...contd

      Thus the atheist position is contingent on the assumption that logic has [some indefinable] value. Assumptions naturally require belief. Belief, upon consensus, is systematized and taught to others. Therefore, logic is a component of a belief/disBelief system (in this case atheism). Overall, I am saying Logic is the atheistic equivalent of a God.

      November 11, 2011 at 3:26 pm |
    • AtheistSteve

      "Steve, thanks for proving my point about the loaded question. It doesn't matter if God is in my head – reality is a supremely fragile construct. Your reality is also in your head (hence the reason we can self-deceive)."

      Correct. All we can say about reality is limited to our perceptions. Additionally extremely sophisticated technology has expanded our fidelity to ana.lyse our reality a thousand fold. But our reality however elusive in our perception still actually exists and isn't just in our head.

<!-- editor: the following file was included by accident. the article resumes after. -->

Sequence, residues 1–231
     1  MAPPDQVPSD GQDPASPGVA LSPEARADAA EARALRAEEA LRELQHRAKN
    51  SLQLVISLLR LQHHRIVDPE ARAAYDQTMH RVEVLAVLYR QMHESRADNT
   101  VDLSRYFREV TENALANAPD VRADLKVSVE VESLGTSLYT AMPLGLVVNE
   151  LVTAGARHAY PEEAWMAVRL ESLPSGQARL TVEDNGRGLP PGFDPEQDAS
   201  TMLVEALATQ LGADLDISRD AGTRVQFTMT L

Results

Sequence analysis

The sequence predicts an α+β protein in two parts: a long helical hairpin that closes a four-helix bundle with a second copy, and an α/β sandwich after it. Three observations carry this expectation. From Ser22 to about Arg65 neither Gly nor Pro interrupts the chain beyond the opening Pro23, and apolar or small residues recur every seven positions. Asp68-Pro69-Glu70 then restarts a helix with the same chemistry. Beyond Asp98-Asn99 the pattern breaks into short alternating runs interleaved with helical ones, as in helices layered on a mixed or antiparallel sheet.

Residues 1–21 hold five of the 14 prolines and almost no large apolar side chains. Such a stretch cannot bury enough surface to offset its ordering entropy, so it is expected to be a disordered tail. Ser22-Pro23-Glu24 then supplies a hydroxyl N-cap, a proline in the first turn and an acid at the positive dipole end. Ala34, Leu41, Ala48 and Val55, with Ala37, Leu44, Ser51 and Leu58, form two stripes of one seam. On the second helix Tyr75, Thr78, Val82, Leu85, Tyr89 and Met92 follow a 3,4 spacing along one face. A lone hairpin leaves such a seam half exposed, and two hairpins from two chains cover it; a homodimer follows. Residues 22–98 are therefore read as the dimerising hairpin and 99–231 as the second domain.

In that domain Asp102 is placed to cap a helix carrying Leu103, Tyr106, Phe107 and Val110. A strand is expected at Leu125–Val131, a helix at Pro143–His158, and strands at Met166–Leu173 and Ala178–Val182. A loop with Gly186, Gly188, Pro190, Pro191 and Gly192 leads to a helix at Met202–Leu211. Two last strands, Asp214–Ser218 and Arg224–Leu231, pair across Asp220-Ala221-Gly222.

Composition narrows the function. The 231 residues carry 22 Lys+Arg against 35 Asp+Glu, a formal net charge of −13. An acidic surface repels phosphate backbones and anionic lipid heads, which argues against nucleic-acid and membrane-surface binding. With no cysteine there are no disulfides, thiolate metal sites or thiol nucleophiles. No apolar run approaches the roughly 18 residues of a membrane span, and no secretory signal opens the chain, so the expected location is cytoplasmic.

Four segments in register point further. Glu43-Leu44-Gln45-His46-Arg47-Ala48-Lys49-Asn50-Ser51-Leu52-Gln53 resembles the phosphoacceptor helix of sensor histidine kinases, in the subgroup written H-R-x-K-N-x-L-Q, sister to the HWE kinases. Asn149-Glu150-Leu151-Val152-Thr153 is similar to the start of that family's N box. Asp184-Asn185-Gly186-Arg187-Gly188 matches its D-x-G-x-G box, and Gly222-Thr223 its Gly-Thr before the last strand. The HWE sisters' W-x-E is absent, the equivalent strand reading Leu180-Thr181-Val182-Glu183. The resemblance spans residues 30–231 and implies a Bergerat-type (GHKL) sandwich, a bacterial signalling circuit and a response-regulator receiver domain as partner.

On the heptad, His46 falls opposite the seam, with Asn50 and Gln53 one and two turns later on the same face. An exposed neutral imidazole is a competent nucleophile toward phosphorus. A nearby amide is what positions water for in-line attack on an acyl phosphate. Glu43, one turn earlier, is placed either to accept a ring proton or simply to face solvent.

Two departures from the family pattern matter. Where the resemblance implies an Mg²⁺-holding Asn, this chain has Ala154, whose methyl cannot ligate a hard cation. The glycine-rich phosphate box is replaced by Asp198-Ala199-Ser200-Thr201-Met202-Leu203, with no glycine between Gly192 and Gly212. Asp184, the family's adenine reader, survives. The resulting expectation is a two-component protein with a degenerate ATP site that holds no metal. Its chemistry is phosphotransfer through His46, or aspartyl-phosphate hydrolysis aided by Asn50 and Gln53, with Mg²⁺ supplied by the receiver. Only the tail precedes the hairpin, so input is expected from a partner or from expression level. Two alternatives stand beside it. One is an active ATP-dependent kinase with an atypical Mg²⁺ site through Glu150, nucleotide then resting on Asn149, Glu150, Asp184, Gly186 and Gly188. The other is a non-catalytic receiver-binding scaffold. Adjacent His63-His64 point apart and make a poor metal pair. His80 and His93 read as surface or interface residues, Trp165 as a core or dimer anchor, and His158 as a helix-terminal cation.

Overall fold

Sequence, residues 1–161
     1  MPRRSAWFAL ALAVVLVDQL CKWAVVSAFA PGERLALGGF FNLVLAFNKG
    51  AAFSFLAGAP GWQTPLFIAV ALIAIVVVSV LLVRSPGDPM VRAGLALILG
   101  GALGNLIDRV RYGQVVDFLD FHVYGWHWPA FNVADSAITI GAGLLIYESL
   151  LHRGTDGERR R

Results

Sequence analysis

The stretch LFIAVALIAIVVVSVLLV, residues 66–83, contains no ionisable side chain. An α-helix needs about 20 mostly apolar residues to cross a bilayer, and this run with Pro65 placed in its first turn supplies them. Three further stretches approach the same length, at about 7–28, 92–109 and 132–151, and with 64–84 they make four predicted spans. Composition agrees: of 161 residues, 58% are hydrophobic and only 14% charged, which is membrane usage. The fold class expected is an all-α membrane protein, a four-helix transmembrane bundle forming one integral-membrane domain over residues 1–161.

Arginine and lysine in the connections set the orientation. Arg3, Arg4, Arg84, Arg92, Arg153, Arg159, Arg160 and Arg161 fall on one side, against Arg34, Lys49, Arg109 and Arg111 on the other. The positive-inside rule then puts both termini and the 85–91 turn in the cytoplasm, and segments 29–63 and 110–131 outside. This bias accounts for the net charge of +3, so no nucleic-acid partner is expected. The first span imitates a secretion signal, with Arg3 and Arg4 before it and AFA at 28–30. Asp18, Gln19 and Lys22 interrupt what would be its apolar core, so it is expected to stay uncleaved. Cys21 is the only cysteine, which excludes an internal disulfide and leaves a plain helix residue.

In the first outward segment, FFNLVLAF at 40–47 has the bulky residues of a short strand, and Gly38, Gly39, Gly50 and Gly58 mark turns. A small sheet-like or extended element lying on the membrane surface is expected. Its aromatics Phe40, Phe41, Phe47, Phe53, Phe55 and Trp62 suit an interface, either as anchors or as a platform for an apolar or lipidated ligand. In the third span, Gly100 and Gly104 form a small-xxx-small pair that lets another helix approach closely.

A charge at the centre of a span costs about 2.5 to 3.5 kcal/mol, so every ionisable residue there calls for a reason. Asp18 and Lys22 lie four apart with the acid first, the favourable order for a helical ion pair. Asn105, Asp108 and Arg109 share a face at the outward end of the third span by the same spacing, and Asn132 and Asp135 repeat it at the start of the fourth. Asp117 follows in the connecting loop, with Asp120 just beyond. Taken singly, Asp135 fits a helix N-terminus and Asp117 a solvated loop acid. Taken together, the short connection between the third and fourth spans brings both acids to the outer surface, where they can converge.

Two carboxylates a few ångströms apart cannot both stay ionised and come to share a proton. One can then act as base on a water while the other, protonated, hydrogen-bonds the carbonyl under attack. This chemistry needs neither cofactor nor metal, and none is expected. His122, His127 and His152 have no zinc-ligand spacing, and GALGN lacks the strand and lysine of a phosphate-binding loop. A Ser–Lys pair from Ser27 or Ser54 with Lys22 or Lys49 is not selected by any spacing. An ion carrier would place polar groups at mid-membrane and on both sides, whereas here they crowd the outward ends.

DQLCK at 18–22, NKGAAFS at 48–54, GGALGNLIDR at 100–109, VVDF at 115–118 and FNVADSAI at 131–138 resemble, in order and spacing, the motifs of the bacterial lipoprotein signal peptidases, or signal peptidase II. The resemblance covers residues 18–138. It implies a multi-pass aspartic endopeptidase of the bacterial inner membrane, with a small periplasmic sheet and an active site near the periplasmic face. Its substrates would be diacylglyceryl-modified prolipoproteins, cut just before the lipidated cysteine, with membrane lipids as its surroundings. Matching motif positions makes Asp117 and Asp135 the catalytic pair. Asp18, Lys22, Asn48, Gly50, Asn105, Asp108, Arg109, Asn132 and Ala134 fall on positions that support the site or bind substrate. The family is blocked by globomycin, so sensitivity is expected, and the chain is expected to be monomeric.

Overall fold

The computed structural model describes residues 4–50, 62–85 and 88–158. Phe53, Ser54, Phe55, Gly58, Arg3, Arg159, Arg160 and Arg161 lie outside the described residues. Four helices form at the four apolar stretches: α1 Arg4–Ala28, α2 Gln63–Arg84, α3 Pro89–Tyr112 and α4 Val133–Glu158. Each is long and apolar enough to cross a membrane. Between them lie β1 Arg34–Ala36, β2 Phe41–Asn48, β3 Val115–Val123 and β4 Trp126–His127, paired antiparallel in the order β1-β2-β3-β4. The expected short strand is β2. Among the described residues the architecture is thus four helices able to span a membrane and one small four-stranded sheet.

" Your refutation to my claims about the big bang are assuming that I'm asking from the typical creationist viewpoint. Wrong. I'm equating the "unknowable" in widely accepted scientific beliefs to concepts of God (the unknowable). Atheists/Humanists accept one logic defying theory on the nature of reality but not another. Unadulterated atheism is quite a narrow minded intellectual proposition."